Tariffs, Not slavery

by: Jack McMillan, Ph.D.

Contrary to what is now taught, slavery was not the primary issue.

Sorry, Julian, Jesse, and victims of public indoctrination everywhere,

but here are the inconvenient facts.

The American educational system continues perpetuating a myth regarding

the War for Southern Independence [often mistakenly called ‘The

Civil War,’ a misnomer.] Teachers using government-mandated, Northern-produced

texts inform students the conflict centered solely on slavery, with

Abraham Lincoln ‘The Great Emancipator’ sending Union troops to

‘make men free.’ Nothing could be more untrue. We realize the wisdom

in the adages that history-books are written by the victors and

that truth is war’s first casualty. Like other complex human activities,

wars often have a number of underlying causes. In this article,

I shall provide the reader with an overview of the primary causi

belli of the War for Southern Independence, the issue of tariffs.

Far from being a mundane topic, taxation has been at the heart

of the American political spirit. The original thirteen American

colonies formally dissolved ties with the British Empire due to

the issue of taxation without representation. Penned by that great

Virginian Thomas Jefferson, the Declaration of Independence stands

out as this nation’s first Article of Secession. In it, the colonies’

grievances are listed. Amongst the litany of injustices committed

by King George III, Jefferson mentions ‘For imposing Taxes upon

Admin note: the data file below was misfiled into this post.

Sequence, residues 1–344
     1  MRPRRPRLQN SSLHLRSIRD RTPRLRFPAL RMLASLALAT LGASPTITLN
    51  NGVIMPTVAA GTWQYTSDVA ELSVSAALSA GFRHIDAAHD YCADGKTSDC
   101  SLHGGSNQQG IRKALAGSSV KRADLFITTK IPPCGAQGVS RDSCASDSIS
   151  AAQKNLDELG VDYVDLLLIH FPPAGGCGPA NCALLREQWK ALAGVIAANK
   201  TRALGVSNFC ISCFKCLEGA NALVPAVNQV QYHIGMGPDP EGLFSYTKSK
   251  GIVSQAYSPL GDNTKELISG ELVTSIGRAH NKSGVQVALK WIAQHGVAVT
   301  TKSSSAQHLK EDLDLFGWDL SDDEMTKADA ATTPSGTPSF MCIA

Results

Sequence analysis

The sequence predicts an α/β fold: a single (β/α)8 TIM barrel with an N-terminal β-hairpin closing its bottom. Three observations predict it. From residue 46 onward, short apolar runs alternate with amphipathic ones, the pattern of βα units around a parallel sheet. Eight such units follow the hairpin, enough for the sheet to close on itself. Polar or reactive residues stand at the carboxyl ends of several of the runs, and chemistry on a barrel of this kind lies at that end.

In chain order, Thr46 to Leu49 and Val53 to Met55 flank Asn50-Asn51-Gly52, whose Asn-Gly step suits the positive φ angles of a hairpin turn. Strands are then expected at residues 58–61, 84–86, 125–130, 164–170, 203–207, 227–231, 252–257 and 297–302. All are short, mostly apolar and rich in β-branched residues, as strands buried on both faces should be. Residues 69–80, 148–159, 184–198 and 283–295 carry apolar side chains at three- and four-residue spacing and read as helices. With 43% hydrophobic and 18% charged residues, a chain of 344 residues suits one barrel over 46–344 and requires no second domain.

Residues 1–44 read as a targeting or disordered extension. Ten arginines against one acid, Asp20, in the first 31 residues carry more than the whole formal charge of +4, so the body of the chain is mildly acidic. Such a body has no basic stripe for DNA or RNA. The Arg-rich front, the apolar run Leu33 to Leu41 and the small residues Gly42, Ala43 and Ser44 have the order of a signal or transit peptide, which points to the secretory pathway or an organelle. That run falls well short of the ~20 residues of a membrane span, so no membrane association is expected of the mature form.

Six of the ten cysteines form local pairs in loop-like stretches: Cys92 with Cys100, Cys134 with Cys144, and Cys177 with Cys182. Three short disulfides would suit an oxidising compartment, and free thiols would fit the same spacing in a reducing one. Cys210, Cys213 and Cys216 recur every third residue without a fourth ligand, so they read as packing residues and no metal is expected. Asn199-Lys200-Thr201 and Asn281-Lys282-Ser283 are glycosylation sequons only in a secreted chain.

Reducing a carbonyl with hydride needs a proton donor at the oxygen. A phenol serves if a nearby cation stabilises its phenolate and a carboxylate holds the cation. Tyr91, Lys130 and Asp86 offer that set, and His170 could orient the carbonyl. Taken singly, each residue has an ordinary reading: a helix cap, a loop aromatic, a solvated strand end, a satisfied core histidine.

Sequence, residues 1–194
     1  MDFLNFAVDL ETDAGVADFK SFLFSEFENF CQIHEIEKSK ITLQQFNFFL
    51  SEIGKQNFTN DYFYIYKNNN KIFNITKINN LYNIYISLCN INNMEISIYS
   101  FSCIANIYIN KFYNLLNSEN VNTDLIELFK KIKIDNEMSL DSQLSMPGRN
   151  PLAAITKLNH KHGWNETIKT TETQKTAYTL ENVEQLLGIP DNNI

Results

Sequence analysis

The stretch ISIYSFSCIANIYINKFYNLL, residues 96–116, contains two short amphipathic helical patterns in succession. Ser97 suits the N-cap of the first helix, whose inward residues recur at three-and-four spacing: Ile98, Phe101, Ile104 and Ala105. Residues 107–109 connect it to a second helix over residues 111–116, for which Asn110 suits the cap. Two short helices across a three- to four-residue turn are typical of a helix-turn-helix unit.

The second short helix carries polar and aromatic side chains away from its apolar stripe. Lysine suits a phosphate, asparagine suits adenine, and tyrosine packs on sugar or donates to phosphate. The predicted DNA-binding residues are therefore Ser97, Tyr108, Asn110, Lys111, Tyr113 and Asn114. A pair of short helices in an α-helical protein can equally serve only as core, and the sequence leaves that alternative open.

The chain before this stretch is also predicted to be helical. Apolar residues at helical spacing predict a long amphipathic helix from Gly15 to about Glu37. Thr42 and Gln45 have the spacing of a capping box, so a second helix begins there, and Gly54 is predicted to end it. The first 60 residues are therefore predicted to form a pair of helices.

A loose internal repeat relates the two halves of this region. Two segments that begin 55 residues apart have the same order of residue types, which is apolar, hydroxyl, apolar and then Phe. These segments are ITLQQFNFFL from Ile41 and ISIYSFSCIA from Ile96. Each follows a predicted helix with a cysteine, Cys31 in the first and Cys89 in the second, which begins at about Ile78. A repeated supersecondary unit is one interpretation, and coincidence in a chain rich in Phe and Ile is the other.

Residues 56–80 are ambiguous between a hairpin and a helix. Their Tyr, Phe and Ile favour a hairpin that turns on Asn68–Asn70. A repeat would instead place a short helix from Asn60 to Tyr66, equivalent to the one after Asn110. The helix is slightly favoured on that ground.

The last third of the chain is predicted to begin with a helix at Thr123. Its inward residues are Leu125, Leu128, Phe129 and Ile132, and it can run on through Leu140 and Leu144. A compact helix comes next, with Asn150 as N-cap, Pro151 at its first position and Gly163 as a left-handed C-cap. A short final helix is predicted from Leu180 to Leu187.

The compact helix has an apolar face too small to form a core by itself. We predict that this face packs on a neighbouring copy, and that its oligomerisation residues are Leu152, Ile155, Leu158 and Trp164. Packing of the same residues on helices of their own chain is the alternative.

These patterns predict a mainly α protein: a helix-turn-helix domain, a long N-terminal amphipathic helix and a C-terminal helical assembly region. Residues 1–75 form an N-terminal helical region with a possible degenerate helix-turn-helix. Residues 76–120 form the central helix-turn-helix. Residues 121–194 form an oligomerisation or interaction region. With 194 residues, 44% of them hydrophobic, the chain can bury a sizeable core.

us without our Consent.’ This split over taxation is a recurring

theme in American history.

The precursor to Southern secession in fact occurred 30 years before

the hostilities of 1861-1865. In 1828 and again in 1832, Congress

passed tariffs legislation benefitting northern mercantile interests

but injuring the South’s agricultural economy. Heavy protectionist

tariffs gave northern manufacturers an advantage by decreasing foreign

competition, but forced the South to pay the bulk of federal taxes,

as the South was a net exporter of raw goods and a net importer

of manufactured products. These ‘Tariffs of Abominations’ led Senator

John C. Calhoun to declare the law unjust and a convention was held

in South Carolina to nullify the federal tariff law. President Andrew

Jackson threatened to send troops to enforce the tariff, but eventually

the Compromise of 1833 was reached and taxes were lowered over a

four-year period. As Professor Charles Adams states in his book

For Good and Evil: The Impact of Taxes on the Course of Civilization,